sh.sePublications
Change search
CiteExportLink to record
Permanent link

Direct link
Cite
Citation style
  • apa
  • ieee
  • modern-language-association-8th-edition
  • vancouver
  • harvard-anglia-ruskin-university
  • apa-old-doi-prefix.csl
  • Other style
More styles
Language
  • de-DE
  • en-GB
  • en-US
  • fi-FI
  • nn-NO
  • nn-NB
  • sv-SE
  • Other locale
More languages
Output format
  • html
  • text
  • asciidoc
  • rtf
Conflict as a point of no return: Immigrant and internally displaced journalists in Ukraine
Södertörn University, School of Social Sciences, Journalism.ORCID iD: 0000-0001-7943-3076
2019 (English)In: European Journal of Cultural Studies, ISSN 1367-5494, E-ISSN 1460-3551Article in journal (Refereed) Epub ahead of print
Abstract [en]

The Ukrainian Euromaidan protests in 2013, alongside the Brexit vote and the so-called ‘refugee crisis’, have strongly changed the imaginary of Europe. Apart from ideological shifts and geopolitical changes, the situation in Ukraine has led to a geographic relocation and displacement of media producers and audiences alike. Yet, in the Ukrainian context and beyond, little is known about dislocated journalists in conflict situations. This article addresses the specific experiences of immigrant and internally displaced journalists, their imagined audiences and the overarching construction of post-revolutionary Ukraine as an imagined community. The argument draws empirically from the dislocatory experiences and relocatory trajectories of two groups: immigrant journalists, who moved to Ukraine from Russia, and journalists who migrated internally – to Kyiv and other government-controlled Ukrainian regions from Crimea and non-government-controlled areas of Donbas. For immigrant and internally displaced journalists, the search for new identities and positions is strongly related to their imagination of the audiences. The journalists notice a simultaneous fragmentation and unification of the audiences driven by both top-down and down-up intentions of post-revolutionary nation building. They hope to contribute to turning the fragmented communities into a media nation that will perceive them as ‘us’.

Place, publisher, year, edition, pages
Sage Publications, 2019.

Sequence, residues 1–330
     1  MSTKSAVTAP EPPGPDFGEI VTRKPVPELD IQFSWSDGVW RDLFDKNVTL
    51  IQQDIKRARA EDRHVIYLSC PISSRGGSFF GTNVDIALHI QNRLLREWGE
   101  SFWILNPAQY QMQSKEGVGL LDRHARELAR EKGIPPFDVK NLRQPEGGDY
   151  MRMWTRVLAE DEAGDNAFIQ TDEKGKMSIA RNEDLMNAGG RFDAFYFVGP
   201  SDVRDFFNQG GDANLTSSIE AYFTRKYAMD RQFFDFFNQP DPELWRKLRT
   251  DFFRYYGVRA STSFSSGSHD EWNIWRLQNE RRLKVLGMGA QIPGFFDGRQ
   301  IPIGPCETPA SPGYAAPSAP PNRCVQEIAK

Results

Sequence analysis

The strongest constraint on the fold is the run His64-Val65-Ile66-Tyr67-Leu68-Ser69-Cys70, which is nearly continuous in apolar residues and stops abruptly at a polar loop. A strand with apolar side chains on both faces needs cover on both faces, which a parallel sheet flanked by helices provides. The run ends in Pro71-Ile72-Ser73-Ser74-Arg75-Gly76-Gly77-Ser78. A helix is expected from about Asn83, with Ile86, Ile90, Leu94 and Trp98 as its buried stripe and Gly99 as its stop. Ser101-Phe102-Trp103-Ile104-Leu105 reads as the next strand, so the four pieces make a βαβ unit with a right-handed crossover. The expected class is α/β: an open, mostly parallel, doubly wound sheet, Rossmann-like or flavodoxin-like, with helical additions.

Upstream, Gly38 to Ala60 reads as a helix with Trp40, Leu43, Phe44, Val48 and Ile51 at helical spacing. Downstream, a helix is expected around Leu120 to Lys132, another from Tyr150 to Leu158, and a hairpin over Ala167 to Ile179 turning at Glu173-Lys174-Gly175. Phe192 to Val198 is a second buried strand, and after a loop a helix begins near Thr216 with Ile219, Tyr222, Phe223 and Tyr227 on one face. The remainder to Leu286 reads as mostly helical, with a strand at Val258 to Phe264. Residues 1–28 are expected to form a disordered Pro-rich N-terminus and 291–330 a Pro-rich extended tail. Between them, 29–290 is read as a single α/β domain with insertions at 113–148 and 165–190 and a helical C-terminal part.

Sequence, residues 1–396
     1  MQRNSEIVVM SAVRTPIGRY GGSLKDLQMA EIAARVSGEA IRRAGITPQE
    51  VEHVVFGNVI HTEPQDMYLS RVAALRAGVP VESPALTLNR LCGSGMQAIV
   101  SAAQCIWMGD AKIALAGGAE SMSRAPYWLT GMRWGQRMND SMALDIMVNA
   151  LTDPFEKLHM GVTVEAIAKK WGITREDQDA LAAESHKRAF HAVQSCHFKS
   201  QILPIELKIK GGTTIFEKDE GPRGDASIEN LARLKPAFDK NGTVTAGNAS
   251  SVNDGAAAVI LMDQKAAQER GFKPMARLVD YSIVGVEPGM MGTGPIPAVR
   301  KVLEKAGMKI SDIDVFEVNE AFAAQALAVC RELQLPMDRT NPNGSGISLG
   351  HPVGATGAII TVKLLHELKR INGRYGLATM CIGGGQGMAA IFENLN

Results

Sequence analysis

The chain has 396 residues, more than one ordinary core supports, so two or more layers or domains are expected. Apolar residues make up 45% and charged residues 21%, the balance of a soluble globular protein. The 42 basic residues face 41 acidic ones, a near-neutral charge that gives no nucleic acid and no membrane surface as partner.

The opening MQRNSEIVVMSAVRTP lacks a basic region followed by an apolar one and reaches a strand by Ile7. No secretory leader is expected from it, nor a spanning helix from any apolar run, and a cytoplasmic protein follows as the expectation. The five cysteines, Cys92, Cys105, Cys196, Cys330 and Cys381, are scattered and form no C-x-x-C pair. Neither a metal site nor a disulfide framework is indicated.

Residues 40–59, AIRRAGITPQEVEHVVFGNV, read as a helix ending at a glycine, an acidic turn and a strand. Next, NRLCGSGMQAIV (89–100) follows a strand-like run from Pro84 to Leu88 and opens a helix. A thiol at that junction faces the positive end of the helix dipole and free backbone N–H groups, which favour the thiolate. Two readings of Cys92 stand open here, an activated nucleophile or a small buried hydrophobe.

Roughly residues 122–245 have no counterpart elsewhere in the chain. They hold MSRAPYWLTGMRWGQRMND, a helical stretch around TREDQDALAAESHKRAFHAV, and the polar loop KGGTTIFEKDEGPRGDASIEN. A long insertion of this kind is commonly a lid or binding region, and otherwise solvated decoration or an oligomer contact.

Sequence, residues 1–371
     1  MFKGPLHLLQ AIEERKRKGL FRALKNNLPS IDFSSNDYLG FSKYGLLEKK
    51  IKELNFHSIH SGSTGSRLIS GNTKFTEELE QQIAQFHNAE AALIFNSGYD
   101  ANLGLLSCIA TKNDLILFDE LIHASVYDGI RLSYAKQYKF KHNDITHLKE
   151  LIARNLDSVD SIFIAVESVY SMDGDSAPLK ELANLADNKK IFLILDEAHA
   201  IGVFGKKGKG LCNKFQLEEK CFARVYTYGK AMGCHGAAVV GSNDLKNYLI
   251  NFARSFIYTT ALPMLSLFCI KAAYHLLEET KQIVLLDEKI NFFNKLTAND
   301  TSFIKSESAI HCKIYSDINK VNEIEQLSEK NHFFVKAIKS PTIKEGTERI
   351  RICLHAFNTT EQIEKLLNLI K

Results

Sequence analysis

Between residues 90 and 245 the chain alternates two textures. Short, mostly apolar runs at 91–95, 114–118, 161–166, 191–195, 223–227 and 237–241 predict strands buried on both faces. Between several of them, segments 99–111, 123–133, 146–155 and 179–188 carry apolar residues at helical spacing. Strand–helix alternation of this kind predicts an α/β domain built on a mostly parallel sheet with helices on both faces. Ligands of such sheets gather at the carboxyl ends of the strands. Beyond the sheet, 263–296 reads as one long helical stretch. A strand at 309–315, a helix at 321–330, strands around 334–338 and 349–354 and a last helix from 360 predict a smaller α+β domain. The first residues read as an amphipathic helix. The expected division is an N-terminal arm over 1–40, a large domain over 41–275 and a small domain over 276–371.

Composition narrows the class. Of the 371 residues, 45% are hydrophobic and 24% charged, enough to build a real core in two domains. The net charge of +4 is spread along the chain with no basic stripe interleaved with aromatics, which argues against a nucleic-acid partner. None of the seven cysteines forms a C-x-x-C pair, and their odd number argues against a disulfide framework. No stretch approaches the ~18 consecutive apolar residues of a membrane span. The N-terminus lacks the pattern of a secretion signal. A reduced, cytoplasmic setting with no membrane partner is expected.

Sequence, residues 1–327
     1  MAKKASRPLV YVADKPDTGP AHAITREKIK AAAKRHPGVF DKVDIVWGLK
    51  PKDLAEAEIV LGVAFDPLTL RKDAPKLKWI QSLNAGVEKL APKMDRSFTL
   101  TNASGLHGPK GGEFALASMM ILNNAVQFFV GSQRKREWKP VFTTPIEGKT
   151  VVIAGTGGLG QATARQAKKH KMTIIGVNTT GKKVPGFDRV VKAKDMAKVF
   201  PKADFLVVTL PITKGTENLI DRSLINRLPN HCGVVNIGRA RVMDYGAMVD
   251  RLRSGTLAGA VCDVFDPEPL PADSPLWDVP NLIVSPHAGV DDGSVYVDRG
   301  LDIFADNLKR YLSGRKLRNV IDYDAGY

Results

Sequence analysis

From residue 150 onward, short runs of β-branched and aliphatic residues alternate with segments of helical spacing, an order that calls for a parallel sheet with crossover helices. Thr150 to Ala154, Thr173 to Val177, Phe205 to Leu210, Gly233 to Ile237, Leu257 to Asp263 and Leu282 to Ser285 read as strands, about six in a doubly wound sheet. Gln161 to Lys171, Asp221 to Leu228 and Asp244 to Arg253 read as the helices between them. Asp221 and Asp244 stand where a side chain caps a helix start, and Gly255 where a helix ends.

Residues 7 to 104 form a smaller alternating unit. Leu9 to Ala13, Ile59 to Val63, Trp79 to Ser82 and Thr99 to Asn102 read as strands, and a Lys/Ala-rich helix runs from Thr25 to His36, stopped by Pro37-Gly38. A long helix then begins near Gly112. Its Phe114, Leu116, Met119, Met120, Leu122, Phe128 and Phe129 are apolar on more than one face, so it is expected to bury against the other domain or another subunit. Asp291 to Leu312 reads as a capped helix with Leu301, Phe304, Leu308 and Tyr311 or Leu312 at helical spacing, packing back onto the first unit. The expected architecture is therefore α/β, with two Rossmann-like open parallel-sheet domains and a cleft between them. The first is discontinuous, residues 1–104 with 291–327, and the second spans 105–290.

Keywords [en]
Imagined audience, imagined community, immigrant, internally displaced, journalists, Ukraine
National Category
Media Studies
Research subject
Baltic and East European studies; Critical and Cultural Theory
Identifiers
URN: urn:nbn:se:sh:diva-38934DOI: 10.1177/1367549419869351ISI: 000485370000001Scopus ID: 2-s2.0-85073924216OAI: oai:DiVA.org:sh-38934DiVA, id: diva2:1349945
Part of project
Propaganda and management of information in the Ukraine-Russia conflict: From nation branding to information war, The Foundation for Baltic and East European Studies
Funder
The Foundation for Baltic and East European Studies, 3033701
Note

Published ahead of print on September 9, 2019

Available from: 2019-09-10 Created: 2019-09-10 Last updated: 2019-11-04Bibliographically approved

Open Access in DiVA

No full text in DiVA

Other links

Publisher's full textScopus

Authority records BETA

Voronova, Liudmila

Search in DiVA

By author/editor
Voronova, Liudmila
By organisation
Journalism
In the same journal
European Journal of Cultural Studies
Media Studies

Search outside of DiVA

GoogleGoogle Scholar

doi
urn-nbn

Altmetric score

doi
urn-nbn
Total: 17 hits
CiteExportLink to record
Permanent link

Direct link
Cite
Citation style
  • apa
  • ieee
  • modern-language-association-8th-edition
  • vancouver
  • harvard-anglia-ruskin-university
  • apa-old-doi-prefix.csl
  • Other style
More styles
Language
  • de-DE
  • en-GB
  • en-US
  • fi-FI
  • nn-NO
  • nn-NB
  • sv-SE
  • Other locale
More languages
Output format
  • html
  • text
  • asciidoc
  • rtf